Osteopetrosis

September 14, 2005
Samit Hirawat, MD

,
Ganaraj Joseph, MD

,
Sonia Arunabh, MD

,
Sonia Arunabh, MD

A 30-year-old man presented to the emergency department with new-onset seizures. His past medical history included loss of vision for 1 year, deafness, and osteomyelitis of the mandible.

A 30-year-old man presented to the emergency department with new-onset seizures. His past medical history included loss of vision for 1 year, deafness, and osteomyelitis of the mandible.

The patient was short in stature, alert, and oriented. His head showed frontal and parietal bossing with proptosis. A chest film, pictured here, revealed increased density of the ribs and the vertebrae. Osteopetrosis was diagnosed.

Osteopetrosis, or Albers-Schnberg disease or marble bones, is a genetic disorder characterized by a defect in bone resorption. In its most severe form, the disease is seen in infancy and is almost always fatal; a milder form may occur in adults as well as in children.

Undiagnosed osteopetrosis, particularly in adults, may be revealed in roentgenograms taken for other reasons. Histologic changes causing uniformly dense sclerotic bone, often with no distinction between the cortical and cancellous regions, are apparent in the x-ray films of patients with this condition. Long bones usually are involved, with increased density along the entire shaft. Typically, the metaphyses appear clubbed or splayed. Neurologic abnormalities caused by the encroachment on cranial nerves include optic atrophy, nystagmus, papilledema, exophthalmos, and impaired extraocular muscle function. Facial paralysis and deafness are common.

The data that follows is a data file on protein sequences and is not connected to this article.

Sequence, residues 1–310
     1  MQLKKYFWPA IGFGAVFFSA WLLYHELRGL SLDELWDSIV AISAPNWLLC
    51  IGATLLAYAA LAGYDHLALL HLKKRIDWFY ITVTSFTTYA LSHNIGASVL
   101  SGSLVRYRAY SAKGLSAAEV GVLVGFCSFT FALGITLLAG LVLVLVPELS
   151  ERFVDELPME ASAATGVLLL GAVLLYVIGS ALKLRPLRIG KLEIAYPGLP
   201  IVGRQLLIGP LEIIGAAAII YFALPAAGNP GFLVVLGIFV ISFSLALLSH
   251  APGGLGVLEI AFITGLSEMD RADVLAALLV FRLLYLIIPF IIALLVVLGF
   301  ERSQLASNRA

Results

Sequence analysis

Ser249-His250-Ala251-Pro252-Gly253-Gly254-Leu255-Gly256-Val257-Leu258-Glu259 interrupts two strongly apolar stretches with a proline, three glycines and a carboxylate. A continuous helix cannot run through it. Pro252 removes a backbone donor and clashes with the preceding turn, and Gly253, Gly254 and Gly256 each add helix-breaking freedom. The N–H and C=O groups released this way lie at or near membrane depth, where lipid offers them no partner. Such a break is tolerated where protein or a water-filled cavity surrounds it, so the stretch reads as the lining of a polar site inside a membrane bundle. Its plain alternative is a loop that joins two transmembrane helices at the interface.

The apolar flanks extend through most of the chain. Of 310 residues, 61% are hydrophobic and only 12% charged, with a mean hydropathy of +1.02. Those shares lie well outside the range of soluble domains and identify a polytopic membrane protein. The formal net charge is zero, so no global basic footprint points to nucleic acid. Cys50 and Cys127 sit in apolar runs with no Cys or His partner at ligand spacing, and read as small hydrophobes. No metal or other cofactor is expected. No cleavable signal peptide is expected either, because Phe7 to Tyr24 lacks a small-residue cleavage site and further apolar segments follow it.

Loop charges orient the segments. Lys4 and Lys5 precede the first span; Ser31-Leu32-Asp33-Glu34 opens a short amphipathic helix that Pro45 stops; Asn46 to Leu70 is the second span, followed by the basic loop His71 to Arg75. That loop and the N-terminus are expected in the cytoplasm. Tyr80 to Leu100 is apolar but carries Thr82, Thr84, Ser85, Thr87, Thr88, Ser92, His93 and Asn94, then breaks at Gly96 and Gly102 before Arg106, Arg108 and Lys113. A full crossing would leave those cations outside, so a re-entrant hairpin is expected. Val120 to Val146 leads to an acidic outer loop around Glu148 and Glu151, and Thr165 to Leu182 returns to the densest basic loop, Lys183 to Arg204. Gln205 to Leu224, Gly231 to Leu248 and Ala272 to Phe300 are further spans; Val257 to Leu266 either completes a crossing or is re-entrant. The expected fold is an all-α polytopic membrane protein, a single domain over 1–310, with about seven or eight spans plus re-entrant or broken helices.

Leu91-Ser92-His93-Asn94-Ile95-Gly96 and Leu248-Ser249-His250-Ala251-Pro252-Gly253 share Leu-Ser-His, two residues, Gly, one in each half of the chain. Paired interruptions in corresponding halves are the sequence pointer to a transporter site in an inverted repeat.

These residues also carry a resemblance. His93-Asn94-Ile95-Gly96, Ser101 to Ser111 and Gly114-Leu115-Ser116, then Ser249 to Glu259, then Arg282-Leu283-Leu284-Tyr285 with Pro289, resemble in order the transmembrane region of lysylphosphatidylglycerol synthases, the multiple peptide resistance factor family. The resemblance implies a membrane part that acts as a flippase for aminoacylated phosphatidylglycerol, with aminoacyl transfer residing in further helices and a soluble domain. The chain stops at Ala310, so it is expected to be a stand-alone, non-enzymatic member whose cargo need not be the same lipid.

Persons with osteitis fibrosa associated with hyperparathyroidism and osteomalacia associated with renal tubular dysfunction, as well as some patients with hypothyroidism, Paget's disease, lymphoma, multiple myeloma, or renal osteodystrophy, may have increased bone density. In osteopetrosis, the denser bone mass usually results from an excessive amount of mineral relative to the matrix. Consider osteopetrosis in the differential whenever increased bone density is revealed on a roentgenogram.